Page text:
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I'm doing some tutorials online, and I'm stuck with an exercise :Write a function getBASIC() which takes no arguments, and does the following: it should keep reading lines from input using a while loop; when it reaches the end it should return the whole program in the form of a list of strings. Example of list of strings:

5 GOTO 30
10 GOTO 20
20 GOTO 10
30 GOTO 40
40 END

I wrote a program, but it doesn't work, however I will post it too:

def getBASIC():
    L=[]
    while "END" not in L:
        L.append(str(input()))
        if str(input()).endswith("END"):
            break
    return L

Also I notice you that I'm not allowed to use IS or RECURSION .

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where does input() come from? your indentation is wrong here. sounds like homework. –  Inbar Rose Aug 9 '12 at 14:33
    
What part of it doesn't work? What's the output? –  Lanaru Aug 9 '12 at 14:33
    
@Lanaru It doesn't shows me the output, but the grader says:Error: list getBASIC() has wrong length 1, expected 2 –  Reginald Aug 9 '12 at 14:34
    
@Inbar Rose the input is from the grader, and its on the form ^ –  Reginald Aug 9 '12 at 14:35
    
@Reginald what is grader? where does it come from? what form? –  Inbar Rose Aug 9 '12 at 14:36
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5 Answers

up vote 1 down vote accepted

try this one:

def get_basic():
    L = []
    while True:
        line = str( input() )
        L.append( line )
        if "END" in line:
            break
    return L
share|improve this answer
    
im still not sure where you get input() from, or why you need to str() it... –  Inbar Rose Aug 9 '12 at 14:40
    
I get the input from myself, and it's in the form ^, thanks for your answer. ^ means look up. –  Reginald Aug 9 '12 at 14:47
1  
it is a Python 3 code (input() is the same as raw_input() in Python 2). Remove unnecessary str(). –  J.F. Sebastian Aug 9 '12 at 14:55
    
I think he means that he's not actually using Python's builtin input function, but it's a placeholder for something else on here. –  vergenzt Aug 9 '12 at 15:18
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There are several errors:

  • you call input() twice without appending it to the list the second time
  • 'END' in L determines whether there is 'END' (whole) line in the list L (there isn't)

Note: input()already returns a str object; you don't need to call str() on its returned value.

To read input until you've got empty line you could:

def getBASIC():
    return list(iter(input, ''))

Or to read until END is encountered at the end of line:

def getBASIC():
    L = []
    while True:
        line = input()
        L.append(line)
        if line.endswith("END"):
           break #NOTE: it doesn't break even if `line` is empty
    return L
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  1. Use raw_input() instead of input(). input() function takes string from standard input and tries to execute it as a python source coode. raw_input() will return a string as expected.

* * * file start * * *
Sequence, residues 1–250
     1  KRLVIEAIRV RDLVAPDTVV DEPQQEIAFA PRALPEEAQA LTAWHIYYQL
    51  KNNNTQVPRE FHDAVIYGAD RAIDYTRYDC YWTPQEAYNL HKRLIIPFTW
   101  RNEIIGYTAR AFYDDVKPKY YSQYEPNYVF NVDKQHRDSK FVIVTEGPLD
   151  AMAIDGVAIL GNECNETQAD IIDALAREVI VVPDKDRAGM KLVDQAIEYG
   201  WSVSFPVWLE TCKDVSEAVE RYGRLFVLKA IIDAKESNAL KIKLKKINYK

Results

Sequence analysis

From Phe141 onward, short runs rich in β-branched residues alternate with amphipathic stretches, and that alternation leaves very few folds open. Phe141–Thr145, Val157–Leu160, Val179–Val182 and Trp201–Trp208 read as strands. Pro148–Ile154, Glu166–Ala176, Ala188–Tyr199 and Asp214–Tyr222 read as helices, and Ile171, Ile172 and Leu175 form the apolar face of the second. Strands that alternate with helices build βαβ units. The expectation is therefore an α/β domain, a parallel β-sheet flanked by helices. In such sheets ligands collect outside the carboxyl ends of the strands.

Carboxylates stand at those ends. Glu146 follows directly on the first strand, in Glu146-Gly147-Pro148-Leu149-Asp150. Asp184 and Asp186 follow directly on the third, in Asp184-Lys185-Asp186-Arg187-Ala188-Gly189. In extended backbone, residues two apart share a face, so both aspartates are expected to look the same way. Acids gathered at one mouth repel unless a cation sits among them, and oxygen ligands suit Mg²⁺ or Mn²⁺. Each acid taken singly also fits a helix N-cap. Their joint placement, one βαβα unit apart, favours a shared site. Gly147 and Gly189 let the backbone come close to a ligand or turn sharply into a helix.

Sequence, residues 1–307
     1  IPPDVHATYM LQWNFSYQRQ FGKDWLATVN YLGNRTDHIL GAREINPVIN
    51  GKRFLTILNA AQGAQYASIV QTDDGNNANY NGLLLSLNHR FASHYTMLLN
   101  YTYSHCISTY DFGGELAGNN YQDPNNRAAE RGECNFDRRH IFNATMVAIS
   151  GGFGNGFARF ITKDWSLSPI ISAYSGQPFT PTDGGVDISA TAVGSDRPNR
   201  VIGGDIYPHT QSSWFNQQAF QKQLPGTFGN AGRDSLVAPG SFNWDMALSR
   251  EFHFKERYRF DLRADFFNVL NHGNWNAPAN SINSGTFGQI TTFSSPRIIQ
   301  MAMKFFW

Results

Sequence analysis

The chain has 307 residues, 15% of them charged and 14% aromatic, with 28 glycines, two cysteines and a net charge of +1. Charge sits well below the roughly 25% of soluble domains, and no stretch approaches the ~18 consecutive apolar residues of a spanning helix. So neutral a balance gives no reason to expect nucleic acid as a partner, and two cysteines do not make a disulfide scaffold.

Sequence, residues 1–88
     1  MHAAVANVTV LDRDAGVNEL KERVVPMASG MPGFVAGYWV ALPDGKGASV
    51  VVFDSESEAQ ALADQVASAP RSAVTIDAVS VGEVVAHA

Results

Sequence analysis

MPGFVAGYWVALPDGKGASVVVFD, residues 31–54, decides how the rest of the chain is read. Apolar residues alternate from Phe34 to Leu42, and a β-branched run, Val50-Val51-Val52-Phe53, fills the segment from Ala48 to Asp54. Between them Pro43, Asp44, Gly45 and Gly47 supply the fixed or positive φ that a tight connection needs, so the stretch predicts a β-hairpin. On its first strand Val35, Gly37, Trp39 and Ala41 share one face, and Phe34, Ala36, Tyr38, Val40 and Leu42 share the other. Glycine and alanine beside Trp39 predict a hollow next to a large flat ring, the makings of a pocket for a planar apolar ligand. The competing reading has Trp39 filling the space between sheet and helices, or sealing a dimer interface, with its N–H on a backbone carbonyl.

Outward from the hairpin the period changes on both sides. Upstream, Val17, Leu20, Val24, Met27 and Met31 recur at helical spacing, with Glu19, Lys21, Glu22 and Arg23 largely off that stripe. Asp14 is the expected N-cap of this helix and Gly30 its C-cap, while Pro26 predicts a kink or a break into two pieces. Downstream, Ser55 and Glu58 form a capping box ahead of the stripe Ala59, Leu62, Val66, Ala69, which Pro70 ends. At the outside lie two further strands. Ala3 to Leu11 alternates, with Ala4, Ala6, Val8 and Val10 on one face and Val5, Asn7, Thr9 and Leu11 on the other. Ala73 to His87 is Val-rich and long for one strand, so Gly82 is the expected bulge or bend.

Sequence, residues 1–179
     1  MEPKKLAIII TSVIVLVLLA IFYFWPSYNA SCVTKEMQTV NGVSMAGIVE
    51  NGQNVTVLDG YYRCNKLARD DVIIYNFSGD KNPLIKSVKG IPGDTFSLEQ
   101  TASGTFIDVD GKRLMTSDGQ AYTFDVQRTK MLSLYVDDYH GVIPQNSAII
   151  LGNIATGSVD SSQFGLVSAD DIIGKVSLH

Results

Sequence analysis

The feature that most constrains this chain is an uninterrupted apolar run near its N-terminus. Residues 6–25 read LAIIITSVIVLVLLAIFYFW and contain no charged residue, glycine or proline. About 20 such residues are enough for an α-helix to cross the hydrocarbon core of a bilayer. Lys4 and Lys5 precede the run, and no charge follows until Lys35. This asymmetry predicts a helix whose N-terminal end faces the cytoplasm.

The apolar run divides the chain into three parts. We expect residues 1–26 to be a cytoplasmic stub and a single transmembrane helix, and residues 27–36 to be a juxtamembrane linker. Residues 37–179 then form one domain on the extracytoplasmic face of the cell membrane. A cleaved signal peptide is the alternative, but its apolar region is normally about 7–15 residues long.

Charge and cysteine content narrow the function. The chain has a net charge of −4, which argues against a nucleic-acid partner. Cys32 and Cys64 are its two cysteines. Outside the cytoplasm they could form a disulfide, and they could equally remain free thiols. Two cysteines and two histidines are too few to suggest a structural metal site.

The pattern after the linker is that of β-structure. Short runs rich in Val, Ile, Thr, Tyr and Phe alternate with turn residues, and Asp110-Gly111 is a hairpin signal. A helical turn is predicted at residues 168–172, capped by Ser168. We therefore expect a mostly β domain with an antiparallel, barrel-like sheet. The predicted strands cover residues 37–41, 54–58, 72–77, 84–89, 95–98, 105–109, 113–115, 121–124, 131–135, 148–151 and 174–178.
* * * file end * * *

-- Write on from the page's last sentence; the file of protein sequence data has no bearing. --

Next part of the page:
2. You use input() 2 time inside a loop. That means you await two string to be input inside one cycle iteration. You don't need last condition (if statement) inside your while loop. It'll end up when "END" is encountered in L.

The next code should do the job:

def getBASIC():
    L=[]
    while True:
        inp = raw_input()
        L.append(inp)
        if inp.endswith('END'):
            break
    return L
share|improve this answer
    
"END" will never be in L. because L is a list of the lines, the line that contains "END" is 40 END which means you should have to check it "40 END" is in L. –  Inbar Rose Aug 9 '12 at 14:42
    
Yeah, True, I've edited my answer after topic-starter edited task conditions. –  Rostyslav Dzinko Aug 9 '12 at 14:43
    
Wath do you mean with:if not inp in ('IS', 'RECURSION'): –  Reginald Aug 9 '12 at 14:45
    
@Reginald, I just misunderstood last topic sentence. –  Rostyslav Dzinko Aug 9 '12 at 14:50
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Your code has the following problems.

  1. "while "END" not in L" will not work if your input is "40 END"
  2. In Python 2.7, "input()" is equivalent to "eval(raw_input()))". So, Python is trying to evaluate the "GOTO" statements.
  3. "if str(input()).endswith("END"):" does not append input to L

So, here is an updated version of your function:

def getBASIC():
    L = []
    while True:
        # Grab input
        L.append(str(raw_input()))

        # Check if last input ends with "END"
        if L[-1].endswith("END"):
            break
    return L
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Back when I was learning Pascal, we used a priming read for loops that needed at least one iteration. This still works well in Python (I prefer it to a while True / break loop).

By simply testing the last line in the list (rather than the last line read) we eliminate the need for a variable to store the input and can combine the reading and appending operations.

def getBASIC():
    lines = [input("]")]    # use Applesoft BASIC prompt  :-)
    while not lines[-1].upper().rstrip().endswith("END"):
        lines.append(input("]"))
    return lines
share|improve this answer
    
there is Python 3 tag in the question (there is no raw_input() in Python 3). Though the tag might be an error. –  J.F. Sebastian Aug 9 '12 at 14:57
    
No error on the tag, I have no idea what is raw_input. –  Reginald Aug 9 '12 at 14:58
    
Whoops, missed that. Fixed. @Reginald: raw_input() is what input() used to be called in older Pythons (input() did something very different). –  kindall Aug 9 '12 at 14:59
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